I've managed and decided to combine the two, so if you're following me, I usually drop links to new work, blog posts, when I need help with an occasional shoot, or interesting photography related topics, funny videos etc. I also drop some personal comments, sans TMI violations.
That said, what you put out is your thing. Some people complain about not wanting other people to know their business, but if that's the case, then don't put the business you don't want people knowing out there. Simple as that. It's also good to think what you want to project in your tweets if indeed you are using it as a brand extension.
Follow me if you like here: http://twitter.com/nickonken or if you don't want to, then don't.
As you know I'm a big foodie. I was just in NYC, and ate at quite a few great restaurants thanks to my friend Mel Barlow. One of them, Rayuela I already blogged about, but I thought I'd throw the rest of them down in a list. I'm going to start/keep blogging all my favorite restaurants A: so I can have a record of all my favorite places, and B: if you're in NYC or are going to NYC, then you can have some places to try out.
So here they are.. Obviously nothing will make it into the blog if I don't like it, but I'm listing these in the order of what I liked the most:
1. Rayuela- A hopscotch of food from different places. I blogged about this one here.
2. Macondo- A blend of tapas. Blogged about this one too here.
3. Brown- Organic gourmet. Blogged about it this one here.
4. No. 7- Contemporary American Food
5. Frankies 17- A lighter side of italian
6. Moto- Gourmet American, Great live music. Great rustic old brooklyn vibe.
7. Walters- Great late night gormet wings. Other food is great too.
8. Diner- Gourmet Diner food. Hip greasy diner vibe.
9. Relish- Awesome breakfast, and another hip diner vibe.
10. Roebling Tea Room- fun light food, breakfast was great, and rustic atmosphere.
11. Smac- Awesome assortment of Mac 'n Cheeses. I had the Buffalo Chicken mac. Sooo good!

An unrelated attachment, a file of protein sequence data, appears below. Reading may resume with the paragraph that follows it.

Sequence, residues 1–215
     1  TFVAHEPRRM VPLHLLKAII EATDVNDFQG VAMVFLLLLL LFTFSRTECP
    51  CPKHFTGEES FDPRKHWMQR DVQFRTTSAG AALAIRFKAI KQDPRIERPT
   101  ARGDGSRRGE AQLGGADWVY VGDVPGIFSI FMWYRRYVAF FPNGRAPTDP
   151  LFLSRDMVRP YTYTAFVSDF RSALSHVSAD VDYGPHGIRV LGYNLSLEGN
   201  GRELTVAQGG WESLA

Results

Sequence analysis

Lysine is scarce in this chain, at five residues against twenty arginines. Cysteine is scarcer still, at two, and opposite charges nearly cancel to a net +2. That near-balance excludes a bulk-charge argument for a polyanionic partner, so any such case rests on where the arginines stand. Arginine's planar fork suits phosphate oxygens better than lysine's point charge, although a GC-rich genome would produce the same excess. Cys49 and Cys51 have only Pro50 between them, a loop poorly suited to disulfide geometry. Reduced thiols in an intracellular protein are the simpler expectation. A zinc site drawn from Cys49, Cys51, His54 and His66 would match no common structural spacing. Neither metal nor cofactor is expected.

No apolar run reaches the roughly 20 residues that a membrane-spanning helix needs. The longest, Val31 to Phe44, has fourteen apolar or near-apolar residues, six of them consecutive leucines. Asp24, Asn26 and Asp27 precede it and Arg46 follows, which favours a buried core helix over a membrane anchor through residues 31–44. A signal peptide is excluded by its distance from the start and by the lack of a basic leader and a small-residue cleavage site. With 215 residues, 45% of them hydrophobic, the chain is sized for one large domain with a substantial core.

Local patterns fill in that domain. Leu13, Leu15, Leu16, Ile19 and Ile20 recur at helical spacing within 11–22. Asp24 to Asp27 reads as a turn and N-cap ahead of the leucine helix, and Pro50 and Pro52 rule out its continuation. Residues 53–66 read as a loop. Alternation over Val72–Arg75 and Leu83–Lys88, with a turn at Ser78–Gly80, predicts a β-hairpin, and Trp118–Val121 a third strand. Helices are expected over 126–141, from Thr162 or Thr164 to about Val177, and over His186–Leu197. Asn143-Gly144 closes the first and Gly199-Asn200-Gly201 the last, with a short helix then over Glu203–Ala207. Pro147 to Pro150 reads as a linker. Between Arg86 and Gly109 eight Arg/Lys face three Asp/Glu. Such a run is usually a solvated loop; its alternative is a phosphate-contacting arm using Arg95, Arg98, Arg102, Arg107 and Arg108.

12. Fette Sau- BBQ meet, their own beer on tap that you can buy growlers of. Rustic butchershop vibe.
13. Alta- Amazing tapas in a small low key area close to Union Square. A new fave.
I touched on this in my recent post on your Support Team, but I think it's a subject that can be expanded upon. If you're doing things right, marketing your vision, you should be getting or starting to get hired for YOUR creative vision. What you shoot, how you shoot it, eye for composition and moment, etc. (not to mention the branding, packaging, marketing, and network that's you need to get those jobs) That's ideally where you want to be so you can be shooting the assignments you want to be shooting. Sometimes you run into situations where you really are hired for your vision, but the art direction might not be in your technical knowledge lighting wise or other ways, and that's why you need a great Support Team to rock the job. You won't always have the solution to solve the puzzle at hand, but hiring the right people to help you get there is the key.
I've heard many assistants on a job (as I've been there myself) thinking they could have shot that image, it was all them since they created all the lighting, or they should have been the shooter. That very well may be the case, but it's a cumulative of reasons why they aren't. But lets not focus on that, lets focus on why it's the photographer who IS. That is a cumulative of their work and vision first off, then relationships, marketing, and flat out hustling. Hopefully it's the quality of work aspect of it first and foremost. It takes a lot of "business" and getting your creative vision into the right hands to "get" the job. Your job as a photographer is to extend and blend your vision into the Art Director's concept at hand. Therefore you are adding your personal flavor direction the elements of the production. That makes lighting just an element to arrive at the final creative goal. Don't get me wrong, photography is all light, but still remains a tool for the end product.
So, if you're an assistant wishing or wanting to shoot a job that your photographer is shooting, ask yourself why? Why aren't you shooting it? Being a visionary and having a client hand you $100K, $200K, or $500K to make them an image is a whole different perspective. Can you handle being the commander and chief of an expensive ship? When you think "oh I should've or could've shot that", there's a lot more to it and the fact of the matter is, YOU DIDN'T. Sounds harsh, but that's the reality. The other reality is, YOU are the one that create better images and work to get those jobs.
That said, What are your creative goals for 09? How are you refining your creative vision to get hired for the work you want to be hired for?